Cars for Sale

Local leaders say a Missouri House Bill will remove a “competitive advantage” for neighboring states and limit cuts to local funding.

The bill would reverse a Missouri Supreme Court ruling that states local sales taxes can’t be collected on vehicle sales.

The bill could financially impact local governments.

That’s why the motive of Gov. Jay Nixon’s intent to veto the bill are called into question by Franklin County Presiding Commissioner John Griesheimer.

House Bill 1329 would reverse a January Supreme Court ruling that states cities and counties can’t collect sales taxes on vehicle, marine and trailer sales if the purchase was made out of state. The ruling went into effect in March.

Griesheimer said the bill would fix a tax revenue hole created by the high court.

“I can’t understand why the governor would give neighboring states a competitive advantage,” he said. “I cannot understand why he would do that — if going to err, he should err on the side of Missouri. A few people would find fault in that, but most would praise it.”

Griesheimer, who is a former car salesman, said car dealers in neighboring states already are luring Missouri buyers by touting cheaper taxes when purchasing vehicles across state lines.

“Dealers already are using this as a sales tool. I don’t understand it,” said Griesheimer. “He is smart enough to know we can’t continue to let this happen.

“There has to be some reason for this,” he added.

A resident of Lees Summit, Mo., (located southeast of Kansas City) contacted The Missourian after reading about the issue on He said dealers in Kansas also are targeting Missouri consumers.

According to State Rep. Dave Hinson, 98th District, Nixon said he would veto House Bill 1329, calling it “unconstitutional” because the bill raises taxes without voter approval, which is a component of the Hancock Amendment to the state’s Constitution.

The House Bill passed with 122-21 support Wednesday before the session ended Friday. The legislators are discussing a possible override of the veto, according to Hinson

He fears, however, that many of the state’s Democrats may not break party ties and override the Democratic governor’s veto.

“People who live in border cities are definitely affected,” Hinson said. “I would think they (House Democrats) would put policy in front of party, but you never know.”

Three of the 57 Democratic House members and all Republican representatives are needed to override the veto.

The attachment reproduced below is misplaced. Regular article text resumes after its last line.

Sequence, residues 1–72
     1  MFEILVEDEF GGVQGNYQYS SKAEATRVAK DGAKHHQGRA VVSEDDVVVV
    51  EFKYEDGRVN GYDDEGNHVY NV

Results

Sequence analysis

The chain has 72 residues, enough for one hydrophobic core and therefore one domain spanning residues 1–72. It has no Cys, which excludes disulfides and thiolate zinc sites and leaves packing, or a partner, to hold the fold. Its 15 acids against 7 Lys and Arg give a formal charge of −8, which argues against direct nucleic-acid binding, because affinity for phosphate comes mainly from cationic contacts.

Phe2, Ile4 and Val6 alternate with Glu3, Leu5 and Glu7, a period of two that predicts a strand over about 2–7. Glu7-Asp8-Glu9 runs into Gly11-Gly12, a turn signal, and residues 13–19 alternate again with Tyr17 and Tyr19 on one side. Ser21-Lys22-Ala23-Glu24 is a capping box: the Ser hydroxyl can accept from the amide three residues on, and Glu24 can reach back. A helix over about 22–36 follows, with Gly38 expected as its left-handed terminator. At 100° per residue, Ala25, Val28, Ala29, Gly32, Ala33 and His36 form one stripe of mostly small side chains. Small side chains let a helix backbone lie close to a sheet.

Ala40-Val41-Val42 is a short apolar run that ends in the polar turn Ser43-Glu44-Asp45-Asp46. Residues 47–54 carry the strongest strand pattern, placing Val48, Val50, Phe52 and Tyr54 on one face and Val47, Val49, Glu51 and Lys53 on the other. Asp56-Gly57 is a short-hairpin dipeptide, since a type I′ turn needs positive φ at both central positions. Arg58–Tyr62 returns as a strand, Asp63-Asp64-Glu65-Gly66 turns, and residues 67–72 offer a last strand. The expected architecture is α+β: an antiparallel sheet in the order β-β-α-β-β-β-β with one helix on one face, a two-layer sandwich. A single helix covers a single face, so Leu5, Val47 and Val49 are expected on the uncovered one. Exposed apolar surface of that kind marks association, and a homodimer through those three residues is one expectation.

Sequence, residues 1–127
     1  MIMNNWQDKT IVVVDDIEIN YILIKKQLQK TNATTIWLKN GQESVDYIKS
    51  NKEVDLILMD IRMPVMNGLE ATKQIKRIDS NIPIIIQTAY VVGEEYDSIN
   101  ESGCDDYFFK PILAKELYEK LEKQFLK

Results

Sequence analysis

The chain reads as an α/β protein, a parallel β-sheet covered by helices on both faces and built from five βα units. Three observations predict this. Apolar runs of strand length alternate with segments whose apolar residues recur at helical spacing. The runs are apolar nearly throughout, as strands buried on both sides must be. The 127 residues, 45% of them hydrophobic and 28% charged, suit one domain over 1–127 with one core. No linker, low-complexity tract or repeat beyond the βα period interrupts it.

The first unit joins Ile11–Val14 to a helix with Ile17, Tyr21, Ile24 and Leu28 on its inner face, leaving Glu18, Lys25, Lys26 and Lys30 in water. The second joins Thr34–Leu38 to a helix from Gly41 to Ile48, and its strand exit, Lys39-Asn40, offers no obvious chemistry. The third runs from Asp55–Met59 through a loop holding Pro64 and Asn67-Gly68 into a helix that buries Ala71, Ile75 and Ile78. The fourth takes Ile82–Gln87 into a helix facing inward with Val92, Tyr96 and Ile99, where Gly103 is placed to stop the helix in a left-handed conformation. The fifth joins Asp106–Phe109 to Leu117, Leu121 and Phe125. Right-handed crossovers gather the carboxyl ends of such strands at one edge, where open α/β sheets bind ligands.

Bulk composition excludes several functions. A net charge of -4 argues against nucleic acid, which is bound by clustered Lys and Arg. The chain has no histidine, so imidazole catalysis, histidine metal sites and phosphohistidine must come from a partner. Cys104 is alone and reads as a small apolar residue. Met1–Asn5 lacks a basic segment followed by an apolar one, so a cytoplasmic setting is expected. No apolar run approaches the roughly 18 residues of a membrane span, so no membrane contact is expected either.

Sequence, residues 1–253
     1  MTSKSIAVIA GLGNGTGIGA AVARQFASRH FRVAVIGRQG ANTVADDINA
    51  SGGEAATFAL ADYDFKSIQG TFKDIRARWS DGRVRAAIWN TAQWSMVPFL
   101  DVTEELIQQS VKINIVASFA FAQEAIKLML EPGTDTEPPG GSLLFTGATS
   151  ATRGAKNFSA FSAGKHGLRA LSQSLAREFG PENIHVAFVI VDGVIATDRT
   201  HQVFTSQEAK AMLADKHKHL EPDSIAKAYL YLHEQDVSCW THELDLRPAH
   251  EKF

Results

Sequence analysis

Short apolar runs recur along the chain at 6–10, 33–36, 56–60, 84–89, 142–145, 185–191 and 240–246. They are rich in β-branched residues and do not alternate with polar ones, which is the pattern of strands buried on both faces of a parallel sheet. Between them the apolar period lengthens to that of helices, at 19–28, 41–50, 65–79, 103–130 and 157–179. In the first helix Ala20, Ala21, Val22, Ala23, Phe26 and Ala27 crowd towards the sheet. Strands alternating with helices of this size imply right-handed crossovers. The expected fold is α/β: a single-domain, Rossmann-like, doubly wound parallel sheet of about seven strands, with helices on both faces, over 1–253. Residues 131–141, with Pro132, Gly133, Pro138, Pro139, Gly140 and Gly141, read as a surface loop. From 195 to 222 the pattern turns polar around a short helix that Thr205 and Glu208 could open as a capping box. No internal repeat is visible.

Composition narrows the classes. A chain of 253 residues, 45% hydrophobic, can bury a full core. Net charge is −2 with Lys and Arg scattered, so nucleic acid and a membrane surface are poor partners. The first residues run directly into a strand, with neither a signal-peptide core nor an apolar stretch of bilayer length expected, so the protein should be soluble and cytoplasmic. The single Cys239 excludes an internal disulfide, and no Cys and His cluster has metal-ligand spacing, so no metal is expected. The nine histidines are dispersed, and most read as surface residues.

“The worst part is waiting until September to do a veto override,” Hinson said. “That is the stinker — counties and cities have to wait until September.”

Griesheimer added that the Missouri Association of Counties has sent emails asking county leaders to flood Gov. Nixon’s office with phone calls.

It is estimated that the Supreme Court ruling will cost Franklin County over $1 million in sales tax revenue a year.

State sales taxes, at the rate of 4.225 percent, still are collected on all vehicles registered to Missouri residents.

For example, if a vehicle is purchased in Illinois the buyer is not subject to the municipal sales tax, only state sales tax. If a vehicle is purchased in Missouri, for the same price, the buyer still is required to pay the local sales taxes.

According to Griesheimer voters already approved the sales tax decades ago and could be asked to do so again if the governor’s veto holds.

“These taxes are not just enacted,” he said. “It went up to a vote of the people and this may require a second vote.

“There is a commerce clause problem — now Missouri is at an economic disadvantage with neighboring states,” Griesheimer added. “This is an easy fix for him (Nixon). The job issue alone is a serious problem. The only way it is a constitutional issue is if somebody challenges it.”

There are some municipalities and counties that still receive local taxes for vehicles purchased out of state, including the city of Washington.

Those are counties and cities that impose a voter-approved local option use tax.

The city of Washington currently has a 2 percent option use tax. That means Washington could still collect 2 percent in taxes on vehicles purchased by city residents, even if the vehicle came from out of state or from a private individual.